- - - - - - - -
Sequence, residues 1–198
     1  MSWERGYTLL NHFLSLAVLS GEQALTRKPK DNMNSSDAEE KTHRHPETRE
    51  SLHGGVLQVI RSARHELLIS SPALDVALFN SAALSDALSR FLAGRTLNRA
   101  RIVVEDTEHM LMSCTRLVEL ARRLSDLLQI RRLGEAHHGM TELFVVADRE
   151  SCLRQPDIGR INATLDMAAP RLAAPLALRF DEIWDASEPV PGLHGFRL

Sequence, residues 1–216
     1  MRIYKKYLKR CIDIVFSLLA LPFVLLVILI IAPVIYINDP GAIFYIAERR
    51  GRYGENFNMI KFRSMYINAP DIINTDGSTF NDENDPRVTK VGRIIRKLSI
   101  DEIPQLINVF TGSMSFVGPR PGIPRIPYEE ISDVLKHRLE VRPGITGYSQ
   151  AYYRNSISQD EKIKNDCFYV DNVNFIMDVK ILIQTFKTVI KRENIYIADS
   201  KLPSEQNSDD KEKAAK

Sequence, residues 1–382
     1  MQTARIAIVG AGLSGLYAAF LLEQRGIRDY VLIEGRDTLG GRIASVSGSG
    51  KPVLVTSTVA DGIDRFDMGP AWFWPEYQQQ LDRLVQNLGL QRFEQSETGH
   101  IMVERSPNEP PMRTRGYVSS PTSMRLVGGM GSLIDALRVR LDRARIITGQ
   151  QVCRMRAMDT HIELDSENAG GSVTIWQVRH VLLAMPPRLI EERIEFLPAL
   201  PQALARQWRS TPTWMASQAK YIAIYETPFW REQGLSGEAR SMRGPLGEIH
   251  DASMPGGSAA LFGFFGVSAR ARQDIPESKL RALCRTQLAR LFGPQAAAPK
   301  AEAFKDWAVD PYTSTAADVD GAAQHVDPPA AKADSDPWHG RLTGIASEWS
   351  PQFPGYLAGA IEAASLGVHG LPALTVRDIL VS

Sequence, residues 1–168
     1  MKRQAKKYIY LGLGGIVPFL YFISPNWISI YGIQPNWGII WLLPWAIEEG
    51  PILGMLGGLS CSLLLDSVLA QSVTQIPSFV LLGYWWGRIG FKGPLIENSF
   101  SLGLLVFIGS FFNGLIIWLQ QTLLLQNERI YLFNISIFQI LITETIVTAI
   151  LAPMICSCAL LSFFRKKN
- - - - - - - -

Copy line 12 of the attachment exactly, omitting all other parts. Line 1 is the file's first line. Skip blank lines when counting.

Sequence, residues 1–382